The beautiful thing about turtles (from a tourism perspective) is that they are pretty specific about when, and where, they nest and hatch. After their first trek to the ocean as little hatchlings, the male leatherback turtles will never venture on land again. However, once females reach sexual maturity at the age of 20, they will return and nest every 2-4 years at roughly the same beach where they were born. Baniata has the beautiful charcoal-black sand that leatherbacks love for nesting, as it keeps the eggs at a super comfy temperature and helps with camouflage.
In each season, a mummy leatherback can lay 4-6 nests, each one exactly 10 days apart. In each nest, there’ll be about 110 eggs, with the fertilization rates starting at about 90% and decreasing with each subsequent lay. Those eggs will hatch 60 days later. So while we ventured to Baniata at the end of the peak season, we had good reason to believe that our dates would coincide with some hatchlings and, perhaps, a nesting or two.
As the first official tourists to Baniata, we were greeted by half the village on our arrival. Due to the steepness of the shore, we were unable to land, so had to jump from the boat in between crashing waves. We were led to our comfortable little homestay in the middle of the village – complete with pour-flush toilets, well-equipped bucket baths, mosquito nets, mattresses, and a healthy fire ant population.
As us girls settled in, Manyoni wandered off by himself to check out the surrounds. Half an hour later, he came back and nonchalantly mentioned that he had just seen a baby leatherback turtle. Astounded, we grabbed our camera and ran. The turtle wasn’t going anywhere. About a month old, one of the local families had felt he was a little weak when he hatched, so decided to keep him in a bucket until he was stronger. Whether this is good or not, it didn’t stop us from being totally enamoured, handing the poor little tyke around so we could all get an over-excited (read: crazy smile) photo. This was just the start.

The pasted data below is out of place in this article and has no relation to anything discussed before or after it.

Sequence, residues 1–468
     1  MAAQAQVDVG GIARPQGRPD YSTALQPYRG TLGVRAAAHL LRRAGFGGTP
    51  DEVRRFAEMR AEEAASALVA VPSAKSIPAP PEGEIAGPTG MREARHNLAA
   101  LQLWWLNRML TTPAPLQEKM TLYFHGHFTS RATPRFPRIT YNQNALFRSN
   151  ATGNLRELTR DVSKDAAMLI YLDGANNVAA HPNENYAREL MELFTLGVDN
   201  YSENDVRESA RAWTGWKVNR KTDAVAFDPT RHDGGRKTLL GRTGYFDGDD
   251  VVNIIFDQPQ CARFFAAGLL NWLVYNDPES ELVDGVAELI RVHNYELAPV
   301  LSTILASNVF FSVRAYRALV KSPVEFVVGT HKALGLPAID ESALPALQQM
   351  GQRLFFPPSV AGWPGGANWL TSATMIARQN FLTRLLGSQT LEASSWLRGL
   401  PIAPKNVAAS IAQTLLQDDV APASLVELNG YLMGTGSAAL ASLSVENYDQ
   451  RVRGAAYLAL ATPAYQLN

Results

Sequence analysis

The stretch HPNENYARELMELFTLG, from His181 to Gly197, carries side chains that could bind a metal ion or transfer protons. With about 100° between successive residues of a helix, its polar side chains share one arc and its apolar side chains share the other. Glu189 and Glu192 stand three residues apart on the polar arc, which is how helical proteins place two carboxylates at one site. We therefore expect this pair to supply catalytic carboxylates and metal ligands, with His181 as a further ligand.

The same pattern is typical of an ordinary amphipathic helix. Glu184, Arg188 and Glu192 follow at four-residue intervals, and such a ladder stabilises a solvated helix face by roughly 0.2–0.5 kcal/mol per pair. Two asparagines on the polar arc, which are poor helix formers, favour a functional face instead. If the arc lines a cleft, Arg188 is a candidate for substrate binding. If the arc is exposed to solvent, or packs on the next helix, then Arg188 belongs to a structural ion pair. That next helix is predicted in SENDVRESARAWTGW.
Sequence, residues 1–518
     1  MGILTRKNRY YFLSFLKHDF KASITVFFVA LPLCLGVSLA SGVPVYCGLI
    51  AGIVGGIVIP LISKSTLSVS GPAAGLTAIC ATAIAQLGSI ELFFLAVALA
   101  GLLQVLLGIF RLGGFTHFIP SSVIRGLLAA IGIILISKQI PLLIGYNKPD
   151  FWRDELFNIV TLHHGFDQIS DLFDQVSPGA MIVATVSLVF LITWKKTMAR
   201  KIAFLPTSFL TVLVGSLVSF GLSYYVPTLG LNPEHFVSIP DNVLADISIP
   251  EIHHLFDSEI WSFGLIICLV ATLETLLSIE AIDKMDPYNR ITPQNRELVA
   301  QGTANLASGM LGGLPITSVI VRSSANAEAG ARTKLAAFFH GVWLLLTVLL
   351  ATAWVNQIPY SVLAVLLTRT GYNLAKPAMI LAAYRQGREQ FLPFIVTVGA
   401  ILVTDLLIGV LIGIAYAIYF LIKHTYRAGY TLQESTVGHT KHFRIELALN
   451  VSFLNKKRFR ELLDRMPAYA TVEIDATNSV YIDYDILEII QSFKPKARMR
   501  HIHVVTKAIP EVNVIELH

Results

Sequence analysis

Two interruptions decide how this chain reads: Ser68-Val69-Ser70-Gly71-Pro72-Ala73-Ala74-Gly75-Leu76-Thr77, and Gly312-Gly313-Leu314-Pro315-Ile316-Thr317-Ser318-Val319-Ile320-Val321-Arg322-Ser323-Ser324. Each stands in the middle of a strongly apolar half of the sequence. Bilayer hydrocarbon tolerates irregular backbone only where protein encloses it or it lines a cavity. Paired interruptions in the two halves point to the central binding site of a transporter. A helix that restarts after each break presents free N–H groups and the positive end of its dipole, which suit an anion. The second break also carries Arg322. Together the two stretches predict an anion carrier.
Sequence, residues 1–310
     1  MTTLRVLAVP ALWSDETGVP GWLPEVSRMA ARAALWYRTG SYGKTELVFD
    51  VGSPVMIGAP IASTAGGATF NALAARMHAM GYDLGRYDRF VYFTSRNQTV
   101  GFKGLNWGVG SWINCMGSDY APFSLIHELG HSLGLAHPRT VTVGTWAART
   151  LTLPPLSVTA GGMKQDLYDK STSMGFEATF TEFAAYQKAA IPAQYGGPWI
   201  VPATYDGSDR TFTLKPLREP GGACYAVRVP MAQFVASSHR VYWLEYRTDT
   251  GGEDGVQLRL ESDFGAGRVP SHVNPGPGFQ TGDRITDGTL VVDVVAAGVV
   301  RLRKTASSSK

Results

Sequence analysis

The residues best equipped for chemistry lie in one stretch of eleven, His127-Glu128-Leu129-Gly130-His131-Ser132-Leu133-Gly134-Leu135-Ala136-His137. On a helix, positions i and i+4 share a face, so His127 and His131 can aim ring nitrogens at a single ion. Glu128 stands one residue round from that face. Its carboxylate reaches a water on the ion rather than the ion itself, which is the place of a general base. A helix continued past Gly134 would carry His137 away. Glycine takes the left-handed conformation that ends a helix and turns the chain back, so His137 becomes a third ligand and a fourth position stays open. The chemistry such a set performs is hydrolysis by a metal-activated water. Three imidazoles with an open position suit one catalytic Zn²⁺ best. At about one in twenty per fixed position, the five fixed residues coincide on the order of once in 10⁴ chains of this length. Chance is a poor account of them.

Later in the afternoon, our guide Johnson invited us to the hatchery to see today’s batch of emerged hatchlings. Within the fenced yard, we found about 7 brand new babies wandering aimlessly among the coal-black sand. A whole lotta oohs, aahs, giggling and exclamations of “So cute!” ensued. After a million photos each, we then got to carry the hatchlings down to the beach. We washed them in a bucket first to try to remove the baby turtle smell that sharks love, and set them on the sand to make their journey to the sea.
What a journey! Tumultuous. Overwhelming. Exhausting. The baby turtles took a little while to get their navigation into gear, but once they were headed in the right direction they then had to drag themselves a sizeable distance (given their itty bitty size) across the soft, uneven sand. About half way, they reach an exciting little obstacle called erosion, where the sand has been washed away from the last high tide forming about a 1m cliff. Without fear, they plunge over the edge, inevitable rolling all the way down and landing on their backs. They then squirm a lot in an effort to get the right way up, and continue on their journey.